ON THE FERRY to the Princes’ Islands, you kept taking photos of the seagulls as they ducked the spray and fought amongst themselves for the scraps of bread the tourists throw. “Look how free they are,” you said.
I only saw the hunger that kept them hovering above the backwash of the boat, but I just pressed my hat down onto my head and took a photo of us leaning against the side of the ferry, smiling into the camera.
We got off on the wrong island. There was nothing to see on Heybeliada so we took photos of each other posing on the shore. We ordered overpriced octopus at a cafe and shared a beer, boredom making us drunker than we were, pirouetting along the dock with our long skirts and matching wide-brimmed hats.
When people asked where we were from, I hesitated. “Bethlehem,” you would say, leaving them to decide whether to call it Israel or Palestine, the West Bank, or the occupied Palestinian territories. Then they would look at me, gazing incredulously at my blonde hair, before I shook my head and answered the question they hadn’t asked. “USA. Amerikali.”
Sometimes we made them guess. “Norway? Spain? Argentina?” Later we dissected their answers, trying to see what they saw when they arbitrarily picked the country they thought we should be from. They wondered why we were traveling together and we would order another beer, already bored with that conversation.
We still talk of that trip, reminiscing and promising to do another one. Maybe Thailand this time or Brazil. Somewhere with a beach where we can drink and twirl in bathing suits and oversized hats, where nobody wonders why an American and a Palestinian are traveling together, where we can eat dessert for breakfast while smoking cigarettes and talking about men and sex and not caring who sees us or what they think.
Somewhere we can relax into ourselves and our faults, a place without checkpoints or soldiers, where if you see an Israeli, you can invite him for a drink and not care because it won’t be a political move or a social taboo, but just a man and a woman who maybe will have sex later or maybe not, but either way, that’s all anyone is thinking. Somewhere with no walls or arbitrary restrictions, a place you can stay within yourself, but where within yourself is not the only place to go.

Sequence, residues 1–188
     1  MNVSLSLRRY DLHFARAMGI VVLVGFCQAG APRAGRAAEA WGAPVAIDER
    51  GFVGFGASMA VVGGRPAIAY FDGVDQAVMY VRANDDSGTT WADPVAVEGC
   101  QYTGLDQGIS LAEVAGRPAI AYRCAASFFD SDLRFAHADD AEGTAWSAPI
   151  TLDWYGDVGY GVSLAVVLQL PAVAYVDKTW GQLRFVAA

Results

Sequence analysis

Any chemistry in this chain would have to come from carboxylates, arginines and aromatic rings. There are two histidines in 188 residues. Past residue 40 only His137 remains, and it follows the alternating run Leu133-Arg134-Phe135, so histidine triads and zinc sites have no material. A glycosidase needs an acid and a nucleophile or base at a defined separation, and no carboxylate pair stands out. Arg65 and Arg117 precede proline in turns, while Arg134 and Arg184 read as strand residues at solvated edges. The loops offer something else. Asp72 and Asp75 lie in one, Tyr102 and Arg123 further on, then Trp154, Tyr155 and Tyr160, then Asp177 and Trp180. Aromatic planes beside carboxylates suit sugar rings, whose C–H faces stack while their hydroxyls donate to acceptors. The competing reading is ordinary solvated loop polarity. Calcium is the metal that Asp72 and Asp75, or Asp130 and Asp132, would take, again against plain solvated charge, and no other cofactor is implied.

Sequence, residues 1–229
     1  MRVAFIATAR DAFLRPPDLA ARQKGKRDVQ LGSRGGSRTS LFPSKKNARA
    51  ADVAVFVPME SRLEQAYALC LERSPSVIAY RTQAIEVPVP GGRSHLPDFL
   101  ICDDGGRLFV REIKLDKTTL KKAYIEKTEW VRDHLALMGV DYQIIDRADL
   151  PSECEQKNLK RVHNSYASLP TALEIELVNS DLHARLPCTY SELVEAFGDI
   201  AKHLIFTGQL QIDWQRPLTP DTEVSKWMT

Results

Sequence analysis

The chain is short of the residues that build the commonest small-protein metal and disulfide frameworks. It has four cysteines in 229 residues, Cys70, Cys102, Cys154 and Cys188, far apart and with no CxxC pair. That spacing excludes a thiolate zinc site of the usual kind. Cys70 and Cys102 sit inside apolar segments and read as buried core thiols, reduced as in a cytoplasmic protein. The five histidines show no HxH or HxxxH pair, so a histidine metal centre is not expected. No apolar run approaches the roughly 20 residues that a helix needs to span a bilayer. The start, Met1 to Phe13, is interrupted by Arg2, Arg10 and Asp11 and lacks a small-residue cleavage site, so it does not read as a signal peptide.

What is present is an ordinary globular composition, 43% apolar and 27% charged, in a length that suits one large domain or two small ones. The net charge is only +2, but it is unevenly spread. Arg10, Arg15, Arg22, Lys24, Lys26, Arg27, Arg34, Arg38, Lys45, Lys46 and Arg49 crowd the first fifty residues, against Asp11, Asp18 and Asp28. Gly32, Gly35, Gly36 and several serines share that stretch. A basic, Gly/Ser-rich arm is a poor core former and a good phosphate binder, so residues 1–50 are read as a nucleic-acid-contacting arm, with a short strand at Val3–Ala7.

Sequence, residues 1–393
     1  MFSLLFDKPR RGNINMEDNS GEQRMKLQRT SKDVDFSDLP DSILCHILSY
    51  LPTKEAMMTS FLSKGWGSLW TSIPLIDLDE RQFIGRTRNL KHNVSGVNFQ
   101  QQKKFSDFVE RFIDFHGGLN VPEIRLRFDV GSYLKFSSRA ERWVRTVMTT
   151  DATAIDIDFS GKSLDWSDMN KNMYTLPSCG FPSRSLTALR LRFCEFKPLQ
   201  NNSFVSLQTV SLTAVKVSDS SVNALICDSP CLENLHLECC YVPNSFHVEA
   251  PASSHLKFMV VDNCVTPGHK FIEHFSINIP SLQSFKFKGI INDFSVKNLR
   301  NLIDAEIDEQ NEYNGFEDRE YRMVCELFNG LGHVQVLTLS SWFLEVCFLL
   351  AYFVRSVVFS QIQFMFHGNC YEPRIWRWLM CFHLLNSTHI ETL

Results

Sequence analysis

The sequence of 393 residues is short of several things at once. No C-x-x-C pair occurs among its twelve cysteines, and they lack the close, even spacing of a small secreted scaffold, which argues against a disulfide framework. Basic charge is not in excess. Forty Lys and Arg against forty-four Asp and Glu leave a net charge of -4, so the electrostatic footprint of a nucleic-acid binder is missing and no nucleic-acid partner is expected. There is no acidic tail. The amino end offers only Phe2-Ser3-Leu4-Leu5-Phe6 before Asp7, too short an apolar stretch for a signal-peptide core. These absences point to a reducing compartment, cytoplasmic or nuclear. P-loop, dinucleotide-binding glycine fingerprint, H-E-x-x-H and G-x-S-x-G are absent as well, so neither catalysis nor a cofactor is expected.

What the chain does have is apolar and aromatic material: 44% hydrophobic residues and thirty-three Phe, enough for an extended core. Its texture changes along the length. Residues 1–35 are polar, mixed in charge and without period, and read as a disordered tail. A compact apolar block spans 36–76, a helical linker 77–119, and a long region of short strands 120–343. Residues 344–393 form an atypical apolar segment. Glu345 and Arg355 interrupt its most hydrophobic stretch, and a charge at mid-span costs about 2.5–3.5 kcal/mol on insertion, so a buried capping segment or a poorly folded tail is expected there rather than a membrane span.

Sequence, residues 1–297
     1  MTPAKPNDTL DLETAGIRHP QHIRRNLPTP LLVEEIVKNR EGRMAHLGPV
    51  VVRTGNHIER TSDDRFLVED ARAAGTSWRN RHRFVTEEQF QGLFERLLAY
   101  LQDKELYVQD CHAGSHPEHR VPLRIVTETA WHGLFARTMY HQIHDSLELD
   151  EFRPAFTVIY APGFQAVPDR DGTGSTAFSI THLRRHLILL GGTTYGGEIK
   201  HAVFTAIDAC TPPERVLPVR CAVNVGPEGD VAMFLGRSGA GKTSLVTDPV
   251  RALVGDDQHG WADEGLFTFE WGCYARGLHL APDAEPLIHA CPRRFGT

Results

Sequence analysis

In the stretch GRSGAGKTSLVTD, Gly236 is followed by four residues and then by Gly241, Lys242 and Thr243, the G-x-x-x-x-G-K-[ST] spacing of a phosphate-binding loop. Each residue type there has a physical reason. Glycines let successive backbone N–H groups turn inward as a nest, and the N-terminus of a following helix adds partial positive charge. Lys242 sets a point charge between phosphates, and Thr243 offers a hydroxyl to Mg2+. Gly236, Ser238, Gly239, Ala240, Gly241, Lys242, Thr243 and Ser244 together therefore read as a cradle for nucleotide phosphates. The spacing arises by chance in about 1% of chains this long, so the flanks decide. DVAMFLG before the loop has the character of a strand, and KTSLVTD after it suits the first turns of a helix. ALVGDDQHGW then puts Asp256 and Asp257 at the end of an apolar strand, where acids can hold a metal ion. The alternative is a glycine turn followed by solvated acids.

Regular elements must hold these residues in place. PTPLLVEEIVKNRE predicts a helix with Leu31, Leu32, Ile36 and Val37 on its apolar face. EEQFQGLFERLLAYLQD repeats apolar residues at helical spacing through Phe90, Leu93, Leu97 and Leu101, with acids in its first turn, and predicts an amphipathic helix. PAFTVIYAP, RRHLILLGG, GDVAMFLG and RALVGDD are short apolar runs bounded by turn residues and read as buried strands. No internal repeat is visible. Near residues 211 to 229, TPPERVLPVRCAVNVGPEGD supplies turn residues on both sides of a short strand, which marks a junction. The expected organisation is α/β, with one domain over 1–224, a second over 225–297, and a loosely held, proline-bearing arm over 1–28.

When we talk about that trip, we laugh till we are rocking soundlessly back and forth and the person we are telling the story to just sits there awkwardly smiling, unable to understand why getting stuck in an elevator in Istanbul is so funny or appreciate the offer we received from a male masseuse who gives “sexy massages” and makes house calls between the hours of 1:00 and 3:00 am. This isn’t as funny to them. It’s not as funny to us either. At least, not the way it once was. Now it is tempered with that ache of wanting to be back there, in that place where we could easily escape.
We are almost thirty now, habibti. We have broken engagements and lost innocence and memories that don’t leave us. We have seen now how things don’t change on the strength of our convictions and how people are offended by the noise of our laughter and the so-called irreverence that prefers dancing naked under the stars to the billowing black robes of the so-called devout. We have seen what they can do and how they cut us down in lawlessness and how they call it law. When a husband slits his wife’s throat in the middle of a crowded marketplace, a shopkeeper describes how the blood poured from her neck while you stare at the stain on the stones and feel sick. You are not the only one, but still, nothing changes.